Elsewhere, he wrote that “The dictatorship of the proletariat is a most determined and most ruthless war waged by the new class against a more powerful enemy, the bourgeoisie, whose resistance is increased tenfold by its overthrow (even if only in one country), and whose power lies not only in the strength of international capital, in the strength and durability of the international connections of the bourgeoisie, but also in the force of habit, in the strength of small production. For, unfortunately, small production is still very, very widespread in the world, and small production engenders capitalism and the bourgeoisie continuously, daily, hourly, spontaneously, and on a mass scale. For all these reasons the dictatorship of the proletariat is essential, and victory over the bourgeoisie is impossible without a long, stubborn and desperate war of life and death, a war demanding perseverance, discipline, firmness, indomitableness and unity of will.” (‘Left-Wing’ Communism, an Infantile Disorder)
To summarise: the dictatorship of the proletariat is the form taken by the state after the working class has overthrown the capitalist state but before the bourgeoisie has been finally defeated.
The final defeat of the bourgeoisie has not yet been achieved anywhere in the world (and, realistically, there will be no ‘final defeat’ until capitalism has been overthrown in at least the overwhelming majority of the world’s countries).
Cuban socialism is firmly established, but the Miami mafia and the US state are still actively trying to subvert the revolution (this is amply demonstrated by the dozens of assassination attempts on Fidel Castro); therefore, the Cuban state cannot afford to rest – indeed, with the growth of tourism (introduced to aid economic recovery), the Cuban state has to be more vigilant than ever.
The Democratic People’s Republic of Korea (DPRK) faces constant US interference and the presence of 37,000 US troops and several hundred nuclear warheads across the border in south Korea.
The USSR had to defend itself in the war of intervention (1918-21) waged by all the imperialist countries together in league with the tsarist White Guard and the ostensibly ‘revolutionary’ Mensheviks and Socialist Revolutionaries; it then faced a number of plots, sabotage and assassinations, again the work of a combination of internal and external reactionary elements; and it then had to protect itself from the onslaught of German imperialism in World War II.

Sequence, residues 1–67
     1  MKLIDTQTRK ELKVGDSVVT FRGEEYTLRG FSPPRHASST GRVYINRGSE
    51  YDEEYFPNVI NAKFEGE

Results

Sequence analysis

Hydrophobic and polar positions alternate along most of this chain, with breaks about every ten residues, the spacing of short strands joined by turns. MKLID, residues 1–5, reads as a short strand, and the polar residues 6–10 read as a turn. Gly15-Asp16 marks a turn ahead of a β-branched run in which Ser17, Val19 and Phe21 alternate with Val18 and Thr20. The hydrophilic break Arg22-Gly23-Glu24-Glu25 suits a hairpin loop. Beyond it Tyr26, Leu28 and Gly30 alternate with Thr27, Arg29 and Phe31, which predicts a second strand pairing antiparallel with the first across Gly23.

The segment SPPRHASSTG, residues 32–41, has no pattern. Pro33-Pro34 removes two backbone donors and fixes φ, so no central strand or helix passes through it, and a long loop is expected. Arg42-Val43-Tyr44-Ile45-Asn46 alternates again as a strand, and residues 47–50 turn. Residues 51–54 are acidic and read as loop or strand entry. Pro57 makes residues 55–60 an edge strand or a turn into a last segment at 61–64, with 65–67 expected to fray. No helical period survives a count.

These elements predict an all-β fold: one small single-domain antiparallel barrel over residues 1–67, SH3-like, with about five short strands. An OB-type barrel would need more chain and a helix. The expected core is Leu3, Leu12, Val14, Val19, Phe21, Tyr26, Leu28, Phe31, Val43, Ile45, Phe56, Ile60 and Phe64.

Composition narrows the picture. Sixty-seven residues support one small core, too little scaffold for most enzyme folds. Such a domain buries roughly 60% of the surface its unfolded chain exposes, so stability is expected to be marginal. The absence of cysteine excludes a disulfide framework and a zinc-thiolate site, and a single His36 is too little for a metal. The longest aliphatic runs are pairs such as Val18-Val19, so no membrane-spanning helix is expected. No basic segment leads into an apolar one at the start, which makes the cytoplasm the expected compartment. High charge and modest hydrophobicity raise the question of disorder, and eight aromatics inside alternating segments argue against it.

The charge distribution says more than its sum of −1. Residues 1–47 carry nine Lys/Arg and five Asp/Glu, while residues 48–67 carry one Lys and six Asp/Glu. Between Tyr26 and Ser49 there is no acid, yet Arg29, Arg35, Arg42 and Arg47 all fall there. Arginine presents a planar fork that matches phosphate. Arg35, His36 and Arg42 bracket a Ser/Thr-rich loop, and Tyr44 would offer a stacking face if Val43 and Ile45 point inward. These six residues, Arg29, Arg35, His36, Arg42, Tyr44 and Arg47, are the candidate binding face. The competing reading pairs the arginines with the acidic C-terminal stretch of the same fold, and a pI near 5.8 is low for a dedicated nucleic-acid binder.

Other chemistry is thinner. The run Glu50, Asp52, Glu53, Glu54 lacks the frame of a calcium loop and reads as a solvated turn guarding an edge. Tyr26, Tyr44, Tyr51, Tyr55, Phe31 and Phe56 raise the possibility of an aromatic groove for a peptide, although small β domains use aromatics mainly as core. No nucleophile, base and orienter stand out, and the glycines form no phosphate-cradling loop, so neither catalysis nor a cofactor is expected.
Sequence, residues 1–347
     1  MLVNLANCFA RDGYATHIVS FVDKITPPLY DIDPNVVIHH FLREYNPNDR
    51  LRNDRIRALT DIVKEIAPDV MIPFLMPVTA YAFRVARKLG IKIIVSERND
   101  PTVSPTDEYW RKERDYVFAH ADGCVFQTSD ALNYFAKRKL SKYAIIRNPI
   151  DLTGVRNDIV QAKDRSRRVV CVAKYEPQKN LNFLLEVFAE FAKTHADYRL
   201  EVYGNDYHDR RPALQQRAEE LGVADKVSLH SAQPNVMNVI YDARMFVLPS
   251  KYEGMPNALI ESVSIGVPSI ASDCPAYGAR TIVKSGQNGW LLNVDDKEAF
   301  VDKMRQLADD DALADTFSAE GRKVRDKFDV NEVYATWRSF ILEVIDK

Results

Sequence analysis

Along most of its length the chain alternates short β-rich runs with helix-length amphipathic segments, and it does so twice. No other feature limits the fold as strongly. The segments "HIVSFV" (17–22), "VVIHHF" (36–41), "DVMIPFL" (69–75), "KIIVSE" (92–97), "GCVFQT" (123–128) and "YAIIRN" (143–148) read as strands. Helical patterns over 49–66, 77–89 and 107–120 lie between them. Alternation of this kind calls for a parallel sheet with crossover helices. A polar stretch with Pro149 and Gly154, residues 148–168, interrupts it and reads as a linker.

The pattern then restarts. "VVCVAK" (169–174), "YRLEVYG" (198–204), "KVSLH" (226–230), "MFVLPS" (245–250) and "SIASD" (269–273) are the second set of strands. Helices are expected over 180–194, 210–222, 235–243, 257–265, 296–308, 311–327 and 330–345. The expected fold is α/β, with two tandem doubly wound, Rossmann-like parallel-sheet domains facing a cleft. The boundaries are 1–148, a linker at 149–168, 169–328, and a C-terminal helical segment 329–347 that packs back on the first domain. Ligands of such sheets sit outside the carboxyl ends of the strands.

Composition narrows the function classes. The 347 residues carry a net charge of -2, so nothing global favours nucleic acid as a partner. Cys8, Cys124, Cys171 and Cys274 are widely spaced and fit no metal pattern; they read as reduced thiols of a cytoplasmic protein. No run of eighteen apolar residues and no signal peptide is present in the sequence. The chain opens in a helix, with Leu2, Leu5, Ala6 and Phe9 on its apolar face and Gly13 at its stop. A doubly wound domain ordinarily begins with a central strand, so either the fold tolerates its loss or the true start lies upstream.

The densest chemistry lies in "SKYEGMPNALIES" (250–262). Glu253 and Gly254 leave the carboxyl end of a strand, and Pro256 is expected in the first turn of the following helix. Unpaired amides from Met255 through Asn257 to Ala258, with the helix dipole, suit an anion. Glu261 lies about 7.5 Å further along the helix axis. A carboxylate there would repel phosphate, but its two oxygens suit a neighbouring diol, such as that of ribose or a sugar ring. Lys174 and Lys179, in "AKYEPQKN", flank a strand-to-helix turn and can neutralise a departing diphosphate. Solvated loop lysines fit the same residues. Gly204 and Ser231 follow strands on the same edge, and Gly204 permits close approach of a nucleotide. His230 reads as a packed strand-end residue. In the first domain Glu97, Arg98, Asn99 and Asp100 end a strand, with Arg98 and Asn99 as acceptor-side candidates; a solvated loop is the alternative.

Thus the whole history of socialism, from the Paris Commune onwards, demonstrates that socialism cannot be maintained without the forcible suppression of the overthrown capitalist class and its foreign allies.
Approaching the question from the opposite direction, you find a number of examples of socialist or progressive movements that failed to survive precisely because they did not establish a sufficient force for the repression of their class enemies.
This is the theme of Marx’s classic study of the Paris Commune, The Civil War in France. Another famous example is the progressive but pacifistic government of Salvador Allende in Chile, which was overthrown in a brutal CIA-backed coup led by the notorious General Pinochet (a close personal friend of Margaret Thatcher).
Marxism vs social democracy
Revisionists and social democrats try to sweep Marx’s analysis of the state under the carpet. Some of them even claim that socialist revolution and the dictatorship of the proletariat are not central to Marxism but simply represent Lenin’s application of Marxism to Russian conditions.
These claims are made in spite of such clear statements as the following: “Between capitalist and communist society lies the period of the revolutionary transformation of the one into the other. There corresponds to this also a political transition period in which the state can be nothing but the revolutionary dictatorship of the proletariat.” (Critique of the Gotha Programme)
To this day, revisionists and social democrats deny the need for (or stay quiet about) the dictatorship of the proletariat. Britain’s Road to Socialism, the political programme of the revisionist Communist Party of Britain (CPB), envisages a parliamentary path, whereby communists exert so much influence on the Labour party that it drops its enthusiastic support for imperialism and starts implementing socialism.
Of course, nothing is said about how the bourgeois state would respond to such an unexpected and unlikely turn of events – such a discussion would only serve to disrupt the CPB’s lovely daydream about ‘collaborating’ towards socialism. Ultimately, these revisionist dreams reduce Marxism to pure reformism.
In the words of Lenin: “Only he is a Marxist who extends the recognition of the class struggle to the recognition of the dictatorship of the proletariat. This is what constitutes the most profound difference between the Marxist and the ordinary petty (as well as big) bourgeoisie. This is the touchstone on which the real understanding and recognition of Marxism is to be tested.